Men who carry their mobile phone in their pocket could be inadvertently "cooking" their sperm, a new study has suggested.
A group of scientists based in Israel monitored more than 100 men over the course of a year.
They found that almost half of the men (47%) who kept their phones in their front trouser pocket had low sperm levels, compared to 11% of the general population.
The study also revealed that men who chatted on the phone for more than an hour each day were twice as likely to have low sperm quality as those who spoke on their mobile for less than one hour per day.
Throughout the study participants filled out detailed questionnaires about their lifestyles including their mobile phone usage.
They noted down how much time they spent on the phone each day, where they were carrying their phone and whether they received calls while charging their phones.
In addition to pocket placement and extensive call times being found to negatively affect sperm, the researchers also found that speaking on the phone while charging was linked to lower sperm counts.
According to the Daily Mail, Professor Martha Dirnfeld, of the Technion University in Haifa, which carried out the study, said: "The [sperm] levels were down to a number that would make conception difficult.
"If you are trying for a baby and it doesn’t happen within a year you might want to think of whether it could be your mobile phone habit that is to blame."
Speaking to The Huffington Post UK, Professor Geeta Nargund, medical director of Create Fertility, said negative associations between mobile phone exposure and sperm viability and motility have been reported in the past.
"Thermal effects could increase the temperature of testes since mobile phones are carried in trouser pockets. Age, smoking and other lifestyle factors also need to be taken into account," she said.
"Men need to consider the findings of this study, and previous studies of potential detrimental effects of mobile phone exposure on sperm quality, and reduce their exposure.
"We need further large randomised studies to establish if the effects are due to heating or radiation or both."
The study has also led Professor Gedis Grudzinskas, a fertility consult at St George's Hospital London, to warn men to be mindful of their mobile phone habits.
According to The Telegraph he said: "If you wear a suit to work put the mobile in your chest pocket instead of close to your testes. It will reduce the risk of your sperm count dropping.
"And do you need to keep the phone right next to you on the bedside table? Some men keep their mobile in their shorts or pyjamas in bed. Is that really necessary?"
The full findings are published in the journal Reproductive BioMedicine.
The common household chemical bisphenol A (BPA) can lower sperm counts and motility, according to a study in Reproductive Toxicology. Food packaging is a major source of BPA, which can seep into the food. Most food cans are coated with BPA resin, and acidic canned foods are especially risky.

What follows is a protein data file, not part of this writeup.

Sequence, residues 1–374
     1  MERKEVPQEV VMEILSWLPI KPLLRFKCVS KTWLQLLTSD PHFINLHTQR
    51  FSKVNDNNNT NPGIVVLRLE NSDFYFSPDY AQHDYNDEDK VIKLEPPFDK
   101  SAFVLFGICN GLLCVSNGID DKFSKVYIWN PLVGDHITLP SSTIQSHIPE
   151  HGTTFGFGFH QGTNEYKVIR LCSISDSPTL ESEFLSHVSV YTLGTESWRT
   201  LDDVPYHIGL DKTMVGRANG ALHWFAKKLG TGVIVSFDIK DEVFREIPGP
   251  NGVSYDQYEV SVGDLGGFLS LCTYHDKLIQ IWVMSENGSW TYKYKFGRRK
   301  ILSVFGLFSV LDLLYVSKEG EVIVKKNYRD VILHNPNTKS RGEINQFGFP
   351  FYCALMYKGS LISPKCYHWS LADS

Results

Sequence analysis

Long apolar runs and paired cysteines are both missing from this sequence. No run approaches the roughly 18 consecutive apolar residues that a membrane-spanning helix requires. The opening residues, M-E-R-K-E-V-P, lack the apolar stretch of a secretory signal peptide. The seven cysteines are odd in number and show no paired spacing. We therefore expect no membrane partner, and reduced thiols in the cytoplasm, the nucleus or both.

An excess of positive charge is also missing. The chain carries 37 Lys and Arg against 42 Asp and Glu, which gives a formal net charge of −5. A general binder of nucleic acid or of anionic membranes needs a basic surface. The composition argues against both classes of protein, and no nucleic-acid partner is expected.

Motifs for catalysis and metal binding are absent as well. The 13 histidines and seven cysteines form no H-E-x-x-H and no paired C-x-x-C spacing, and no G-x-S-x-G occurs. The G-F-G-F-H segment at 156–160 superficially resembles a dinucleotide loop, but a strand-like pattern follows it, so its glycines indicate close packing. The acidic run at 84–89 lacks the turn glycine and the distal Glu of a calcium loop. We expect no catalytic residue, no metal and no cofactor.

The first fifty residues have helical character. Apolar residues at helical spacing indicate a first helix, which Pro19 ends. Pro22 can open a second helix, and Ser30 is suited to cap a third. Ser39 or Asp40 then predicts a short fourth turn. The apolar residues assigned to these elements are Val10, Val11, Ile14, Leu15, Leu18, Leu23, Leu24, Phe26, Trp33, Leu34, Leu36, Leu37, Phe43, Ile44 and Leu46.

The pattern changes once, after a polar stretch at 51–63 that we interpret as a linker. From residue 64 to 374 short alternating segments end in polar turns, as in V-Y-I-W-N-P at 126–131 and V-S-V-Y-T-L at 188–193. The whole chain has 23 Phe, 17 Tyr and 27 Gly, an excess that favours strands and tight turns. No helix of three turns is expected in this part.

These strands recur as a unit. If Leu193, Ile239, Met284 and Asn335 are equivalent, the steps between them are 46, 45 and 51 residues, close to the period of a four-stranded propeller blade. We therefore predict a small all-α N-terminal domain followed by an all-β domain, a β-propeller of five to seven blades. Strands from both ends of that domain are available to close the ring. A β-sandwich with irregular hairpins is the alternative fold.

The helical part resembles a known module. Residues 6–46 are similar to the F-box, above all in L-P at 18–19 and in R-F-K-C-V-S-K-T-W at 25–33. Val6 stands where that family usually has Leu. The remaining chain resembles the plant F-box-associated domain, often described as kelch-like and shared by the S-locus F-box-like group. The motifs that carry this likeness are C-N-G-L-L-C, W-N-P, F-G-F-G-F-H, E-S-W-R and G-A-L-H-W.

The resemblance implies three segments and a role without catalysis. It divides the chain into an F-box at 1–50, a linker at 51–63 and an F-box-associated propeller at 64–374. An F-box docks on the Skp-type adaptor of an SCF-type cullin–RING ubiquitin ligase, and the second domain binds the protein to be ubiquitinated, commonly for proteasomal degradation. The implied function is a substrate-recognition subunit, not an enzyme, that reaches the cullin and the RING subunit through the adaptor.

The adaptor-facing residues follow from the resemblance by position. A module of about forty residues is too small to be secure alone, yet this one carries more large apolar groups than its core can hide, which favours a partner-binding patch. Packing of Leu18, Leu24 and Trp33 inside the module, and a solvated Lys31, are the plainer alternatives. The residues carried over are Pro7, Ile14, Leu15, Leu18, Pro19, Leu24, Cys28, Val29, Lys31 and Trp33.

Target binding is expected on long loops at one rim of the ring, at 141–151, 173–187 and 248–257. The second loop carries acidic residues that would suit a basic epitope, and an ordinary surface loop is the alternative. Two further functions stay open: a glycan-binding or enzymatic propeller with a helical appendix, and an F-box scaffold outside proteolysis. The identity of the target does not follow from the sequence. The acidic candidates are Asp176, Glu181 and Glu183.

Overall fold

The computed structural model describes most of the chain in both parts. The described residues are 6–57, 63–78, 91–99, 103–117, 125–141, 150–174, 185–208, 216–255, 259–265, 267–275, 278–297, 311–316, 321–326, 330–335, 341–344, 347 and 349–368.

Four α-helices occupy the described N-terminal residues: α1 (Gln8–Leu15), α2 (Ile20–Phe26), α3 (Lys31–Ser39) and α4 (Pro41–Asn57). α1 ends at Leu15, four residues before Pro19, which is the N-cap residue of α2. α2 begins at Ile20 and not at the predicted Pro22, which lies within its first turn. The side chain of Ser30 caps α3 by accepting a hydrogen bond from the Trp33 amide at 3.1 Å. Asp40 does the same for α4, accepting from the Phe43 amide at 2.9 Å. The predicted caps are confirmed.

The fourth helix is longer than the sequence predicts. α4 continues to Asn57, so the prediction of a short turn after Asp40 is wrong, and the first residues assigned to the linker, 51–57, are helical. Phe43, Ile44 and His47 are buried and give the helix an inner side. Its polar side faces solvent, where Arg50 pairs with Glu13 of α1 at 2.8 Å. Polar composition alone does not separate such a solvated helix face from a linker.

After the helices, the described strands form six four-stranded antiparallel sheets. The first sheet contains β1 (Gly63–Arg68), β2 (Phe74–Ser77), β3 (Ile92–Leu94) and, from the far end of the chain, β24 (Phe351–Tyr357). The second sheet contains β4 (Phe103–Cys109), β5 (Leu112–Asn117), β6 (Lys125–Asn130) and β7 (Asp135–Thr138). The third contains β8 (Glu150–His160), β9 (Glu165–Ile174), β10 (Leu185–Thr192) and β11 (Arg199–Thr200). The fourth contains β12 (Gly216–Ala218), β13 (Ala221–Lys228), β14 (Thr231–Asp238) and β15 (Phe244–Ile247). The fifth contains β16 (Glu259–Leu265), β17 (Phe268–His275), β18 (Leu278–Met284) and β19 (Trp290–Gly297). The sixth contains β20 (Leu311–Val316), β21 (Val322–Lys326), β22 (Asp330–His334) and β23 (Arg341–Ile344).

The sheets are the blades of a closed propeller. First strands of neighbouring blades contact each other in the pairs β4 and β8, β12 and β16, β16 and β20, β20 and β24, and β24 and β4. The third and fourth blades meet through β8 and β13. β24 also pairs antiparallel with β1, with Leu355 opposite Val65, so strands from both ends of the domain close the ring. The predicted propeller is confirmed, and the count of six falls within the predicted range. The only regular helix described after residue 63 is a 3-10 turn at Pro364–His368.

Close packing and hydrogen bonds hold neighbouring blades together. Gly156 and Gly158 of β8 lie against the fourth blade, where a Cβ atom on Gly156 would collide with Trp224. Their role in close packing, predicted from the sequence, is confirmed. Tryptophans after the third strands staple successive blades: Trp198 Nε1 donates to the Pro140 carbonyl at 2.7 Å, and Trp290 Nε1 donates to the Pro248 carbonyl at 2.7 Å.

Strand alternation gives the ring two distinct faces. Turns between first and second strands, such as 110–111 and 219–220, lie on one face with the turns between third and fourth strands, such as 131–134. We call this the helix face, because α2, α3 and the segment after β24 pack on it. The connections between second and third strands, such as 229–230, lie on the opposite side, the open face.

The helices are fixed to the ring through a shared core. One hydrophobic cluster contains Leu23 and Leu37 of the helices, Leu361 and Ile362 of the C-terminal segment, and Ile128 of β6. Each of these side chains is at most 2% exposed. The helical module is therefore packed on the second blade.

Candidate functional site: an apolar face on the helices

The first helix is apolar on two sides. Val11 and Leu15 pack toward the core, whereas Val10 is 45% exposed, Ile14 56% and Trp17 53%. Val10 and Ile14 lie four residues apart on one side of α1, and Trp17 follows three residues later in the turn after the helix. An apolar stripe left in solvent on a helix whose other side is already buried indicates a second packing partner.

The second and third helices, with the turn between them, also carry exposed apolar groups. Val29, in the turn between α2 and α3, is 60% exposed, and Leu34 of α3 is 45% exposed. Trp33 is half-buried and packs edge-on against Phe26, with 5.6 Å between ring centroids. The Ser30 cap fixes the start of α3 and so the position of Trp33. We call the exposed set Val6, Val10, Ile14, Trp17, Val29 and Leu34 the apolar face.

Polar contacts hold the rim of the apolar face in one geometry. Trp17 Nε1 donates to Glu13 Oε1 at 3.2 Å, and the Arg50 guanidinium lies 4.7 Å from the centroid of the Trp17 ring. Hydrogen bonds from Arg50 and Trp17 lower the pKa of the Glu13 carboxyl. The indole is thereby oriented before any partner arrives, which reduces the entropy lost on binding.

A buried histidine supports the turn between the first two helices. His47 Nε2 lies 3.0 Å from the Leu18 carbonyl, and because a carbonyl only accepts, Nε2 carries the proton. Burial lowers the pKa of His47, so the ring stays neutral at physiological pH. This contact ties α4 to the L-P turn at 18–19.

Certain plastics, including vinyl used in some sex toys, release phthalates — plastic-softening chemicals that have been tied to lower reduced sperm count and quality. Glass, silicone and green sex toys are a safer bet.
Phthalates are found in many shampoos, soaps, deodorants and shaving creams. Look for natural, phthlate-free products instead.
It's not surprising that smoking cigarettes is bad for sperm, but smoking weed isn't much better. Heavy marijuana smokers have been found to have significantly lower sperm counts and sperm with bad swimming strategies.
Stress can cut sperm count dramatically by inhibiting the production of testosterone.
Women aren't the only ones who should slow down on drinking while trying to conceive. Alcohol can inhibit sperm production and lower sperm counts.
BPA is found on about 40 percent of cash register receipts, according to a 2010 University of Missouri study. The chemical can penetrate skin or be passed from hand to mouth to the digestive track. Skip the receipt or wash your hands after signing.
Isoflavones found in soy products mimic estrogen, and a 2008 study linked soy consumption to significantly lower sperm counts. The soy food industry disputed the study's findings.
Polychlorinated biphenyls (PCBs) are a group of toxic chemicals that have been banned but have accumulated in certain fish — especially predator fish and bottom-feeders. They are associated with decreased sperm counts and integrity. Smaller, younger fish are considered safer.
Chemicals called perfluoroalkyl acids are used in the manufacturing of nonstick products such as Teflon, Gore-Tex and wax paper and can significantly lower sperm counts, according to a Danish study.
Of course not having sex at all won't help, but some couples abstain for days or weeks in hopes of saving sperm until the woman is ovulating. This doesn't work. Researchers have found that while it does take a day or two for sperm to replenish themselves after ejaculation, waiting any longer than that can cause them to lose motility and change shape.